HOUSTON -- Rajai Davis was at dinner outside Cleveland on Tuesday evening, when he was approached by some Indians fans in the restaurant. They asked if they could take a picture with the veteran outfielder and then told their own story of witnessing his iconic home run off Albertin Chapman
HOUSTON -- Rajai Davis was at dinner outside Cleveland on Tuesday evening, when he was approached by some Indians fans in the restaurant. They asked if they could take a picture with the veteran outfielder and then told their own story of witnessing his iconic home run off Albertin Chapman in Game 7 of the 2016 World Series against the Cubs.
"That happens pretty often," Davis said with a smile on Thursday. "People remember where they were, what they were doing. It's something special."
Davis will once again have a chance to impact the Tribe in October.
:: ALDS schedule and results ::
Before Cleveland's players took the field at Minute Maid Park for Thursday's workout, Indians manager Terry Francona informed Davis that he would be on the roster for the American League Division Series against the Astros. The team's decision-makers were debating between carrying Davis (a weapon on the bases) or Erik Gonzalez (a utility man and the team's only true backup shortstop).
In the end, Francona felt that having Davis as a stolen-base threat off the bench was more important that maintaining a safety net for the Indians' infield. This season, the Tribe led the Majors in steals (135) for the first time in franchise history and became the first Cleveland team to have four players with at least 20 steals since the Naps of 1911.
That offensive element can be critical on a stage where a small event can have a major influence on a game's outcome.
"Nobody has a crystal ball," Francona said. "But, who could impact a series? We felt like Raj had a better chance. It's nothing against Gonzie. But, if Gonzie gets in [the game], that meant something went wrong. If something goes wrong, we might be kicking ourselves, but I think we felt like the risk is worth the reward."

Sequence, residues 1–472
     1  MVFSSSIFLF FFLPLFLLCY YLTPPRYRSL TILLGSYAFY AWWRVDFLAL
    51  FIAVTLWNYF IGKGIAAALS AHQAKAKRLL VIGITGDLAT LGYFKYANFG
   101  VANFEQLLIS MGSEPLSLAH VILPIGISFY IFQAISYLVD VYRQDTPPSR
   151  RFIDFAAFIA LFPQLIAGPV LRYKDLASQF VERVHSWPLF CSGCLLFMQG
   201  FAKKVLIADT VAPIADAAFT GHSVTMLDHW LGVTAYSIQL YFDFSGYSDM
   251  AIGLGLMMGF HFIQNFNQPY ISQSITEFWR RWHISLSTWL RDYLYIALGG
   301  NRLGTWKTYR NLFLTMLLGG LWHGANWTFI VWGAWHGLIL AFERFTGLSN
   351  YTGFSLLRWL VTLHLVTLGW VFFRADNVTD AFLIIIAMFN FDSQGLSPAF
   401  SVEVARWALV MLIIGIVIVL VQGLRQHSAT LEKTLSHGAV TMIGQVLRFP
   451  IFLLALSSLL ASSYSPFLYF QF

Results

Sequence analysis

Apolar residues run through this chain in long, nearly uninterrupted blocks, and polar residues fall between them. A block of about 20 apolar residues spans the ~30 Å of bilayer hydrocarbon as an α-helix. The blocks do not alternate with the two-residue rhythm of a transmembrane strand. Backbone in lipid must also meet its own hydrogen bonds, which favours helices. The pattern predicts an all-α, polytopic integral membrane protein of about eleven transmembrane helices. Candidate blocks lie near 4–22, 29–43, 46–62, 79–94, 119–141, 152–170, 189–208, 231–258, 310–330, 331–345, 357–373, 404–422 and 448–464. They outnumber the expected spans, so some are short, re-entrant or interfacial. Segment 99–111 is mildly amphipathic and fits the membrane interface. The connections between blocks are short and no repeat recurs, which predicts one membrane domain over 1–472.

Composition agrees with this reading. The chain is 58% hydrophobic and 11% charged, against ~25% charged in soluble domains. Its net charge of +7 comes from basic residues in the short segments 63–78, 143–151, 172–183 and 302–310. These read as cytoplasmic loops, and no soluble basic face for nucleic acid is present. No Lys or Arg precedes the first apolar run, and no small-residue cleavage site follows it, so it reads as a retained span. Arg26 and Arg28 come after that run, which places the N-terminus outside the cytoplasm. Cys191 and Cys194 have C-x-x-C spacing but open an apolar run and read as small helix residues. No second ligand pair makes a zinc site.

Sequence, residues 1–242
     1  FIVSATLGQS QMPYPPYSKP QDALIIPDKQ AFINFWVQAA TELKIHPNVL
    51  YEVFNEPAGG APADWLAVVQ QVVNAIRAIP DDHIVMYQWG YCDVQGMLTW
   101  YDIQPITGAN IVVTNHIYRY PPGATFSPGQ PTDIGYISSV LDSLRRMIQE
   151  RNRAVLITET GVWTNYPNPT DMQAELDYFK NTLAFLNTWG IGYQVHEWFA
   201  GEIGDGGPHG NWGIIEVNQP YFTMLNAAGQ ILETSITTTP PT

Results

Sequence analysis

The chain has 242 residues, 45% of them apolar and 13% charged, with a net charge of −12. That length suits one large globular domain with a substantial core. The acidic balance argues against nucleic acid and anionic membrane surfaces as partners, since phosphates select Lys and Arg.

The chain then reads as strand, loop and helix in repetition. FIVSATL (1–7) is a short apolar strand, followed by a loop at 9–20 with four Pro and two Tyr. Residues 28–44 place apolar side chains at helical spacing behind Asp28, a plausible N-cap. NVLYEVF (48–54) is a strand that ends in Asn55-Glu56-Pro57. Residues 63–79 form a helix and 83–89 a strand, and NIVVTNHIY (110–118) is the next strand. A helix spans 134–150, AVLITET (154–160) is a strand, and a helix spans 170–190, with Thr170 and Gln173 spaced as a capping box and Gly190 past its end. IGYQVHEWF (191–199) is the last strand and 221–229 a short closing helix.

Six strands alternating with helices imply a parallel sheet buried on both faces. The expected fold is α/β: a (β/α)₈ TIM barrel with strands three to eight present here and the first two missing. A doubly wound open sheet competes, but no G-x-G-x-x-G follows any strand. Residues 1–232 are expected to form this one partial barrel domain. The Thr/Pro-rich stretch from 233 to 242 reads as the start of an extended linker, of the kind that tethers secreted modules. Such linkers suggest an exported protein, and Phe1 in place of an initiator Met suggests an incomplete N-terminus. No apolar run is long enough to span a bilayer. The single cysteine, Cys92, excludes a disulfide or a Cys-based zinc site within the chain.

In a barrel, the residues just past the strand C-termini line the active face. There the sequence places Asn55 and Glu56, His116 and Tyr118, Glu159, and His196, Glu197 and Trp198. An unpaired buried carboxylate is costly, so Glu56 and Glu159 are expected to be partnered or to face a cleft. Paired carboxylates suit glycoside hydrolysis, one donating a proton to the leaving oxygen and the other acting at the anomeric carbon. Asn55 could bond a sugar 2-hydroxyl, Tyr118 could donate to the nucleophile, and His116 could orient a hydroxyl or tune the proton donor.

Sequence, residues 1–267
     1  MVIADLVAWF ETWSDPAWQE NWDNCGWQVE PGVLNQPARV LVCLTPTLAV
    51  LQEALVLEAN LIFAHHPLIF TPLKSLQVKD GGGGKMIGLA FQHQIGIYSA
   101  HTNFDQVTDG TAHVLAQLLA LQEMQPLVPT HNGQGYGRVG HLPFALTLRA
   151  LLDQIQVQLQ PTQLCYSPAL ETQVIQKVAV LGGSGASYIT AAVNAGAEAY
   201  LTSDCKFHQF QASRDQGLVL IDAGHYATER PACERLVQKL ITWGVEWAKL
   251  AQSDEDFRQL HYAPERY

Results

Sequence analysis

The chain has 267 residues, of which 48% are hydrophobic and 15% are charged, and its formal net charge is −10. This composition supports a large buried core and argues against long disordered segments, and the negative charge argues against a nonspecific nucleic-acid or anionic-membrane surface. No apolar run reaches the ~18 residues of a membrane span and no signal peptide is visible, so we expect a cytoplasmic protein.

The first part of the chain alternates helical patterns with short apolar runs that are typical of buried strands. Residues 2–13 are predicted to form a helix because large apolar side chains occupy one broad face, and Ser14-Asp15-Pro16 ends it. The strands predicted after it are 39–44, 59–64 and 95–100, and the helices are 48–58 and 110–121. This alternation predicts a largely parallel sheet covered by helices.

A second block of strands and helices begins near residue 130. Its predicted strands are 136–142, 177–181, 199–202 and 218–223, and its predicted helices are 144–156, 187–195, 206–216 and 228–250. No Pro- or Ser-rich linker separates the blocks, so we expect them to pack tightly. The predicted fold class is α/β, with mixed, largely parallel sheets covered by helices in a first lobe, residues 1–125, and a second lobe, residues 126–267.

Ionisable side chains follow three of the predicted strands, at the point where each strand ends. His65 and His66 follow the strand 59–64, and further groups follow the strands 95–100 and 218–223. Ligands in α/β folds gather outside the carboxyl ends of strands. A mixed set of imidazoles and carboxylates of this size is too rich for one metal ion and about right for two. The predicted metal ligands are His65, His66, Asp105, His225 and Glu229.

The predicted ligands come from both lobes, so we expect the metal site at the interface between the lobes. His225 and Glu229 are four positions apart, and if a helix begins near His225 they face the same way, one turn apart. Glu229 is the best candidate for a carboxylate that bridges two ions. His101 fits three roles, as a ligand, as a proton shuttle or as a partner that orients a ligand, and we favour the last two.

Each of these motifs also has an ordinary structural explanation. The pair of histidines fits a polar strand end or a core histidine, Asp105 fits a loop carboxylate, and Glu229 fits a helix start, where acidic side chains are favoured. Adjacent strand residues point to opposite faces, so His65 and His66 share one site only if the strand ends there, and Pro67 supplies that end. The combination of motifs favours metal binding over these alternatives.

Within the Indians' surplus of steals, Jose Ramirez led the way with 34, followed by Francisco Lindor (25), Greg Allen (21) and Davis (21). As a team, Cleveland's 78.9 percent success rate ranked third in the American League, while the team's 13.7 base runs above average (an all-encompassing baserunning metric) ranked second in the Majors.
Speed in October can be a difference-maker.
"It's going to be huge," Davis said. "That plays a factor in how guys pitch to the next guy that's at the plate. When you know a guy is quick or he can steal a bag, nobody wants to give up 90 feet. Obviously, we're trying to score runs. If that affects the pitcher and the way he thinks, the way he delivers pitches, and hopefully helps our hitters get better pitches to hit, that only benefits the team."
The Astros are hoping catcher Martin Maldonado and his 49-percent caught-stealing rate can help neutralize that aspect of the Cleveland's attack.
"If they want to test us on the bases and Martin's catching," Astros manager AJ Hinch said, "they're going up against the best-throwing catcher in baseball. With the work from our pitchers and the way that [Maldonado] can shut down the running game, it's a huge dilemma for the other side."
• Catcher Yan Gomes still has two stitches in his right thumb -- due to a laceration sustained on Saturday in Kansas City -- but the All-Star is expected to be behind the plate for Game 1 on Friday. Gomes has been hitting with no issues, and the catcher threw to bases during Thursday's workout at Minute Maid Park without a bandage on the digit.
"He had a completely normal workout. He's fine," Francona said. "There are no limitations, and it won't get in the way."
• Besides backup catcher Roberto Perez and Davis, the Indians' bench for the ALDS will feature Allen, Brandon Guyer and Yandy Diaz. Francona said that Diaz, specifically, was carried to give Cleveland an additional pinch-hitting option against Houston reliever Tony Sipp.
"It gives us protection against them bringing in a lefty," Francona said. "It's another guy that can play the infield, but it's a guy that really swings the bat really well against left-handers. That's basically why he's there."
Jordan Bastian has covered the Indians for MLB.com since 2011, and previously covered the Blue Jays from 2006-10. Read his blog, Major League Bastian, follow him on Twitter @MLBastian and Facebook.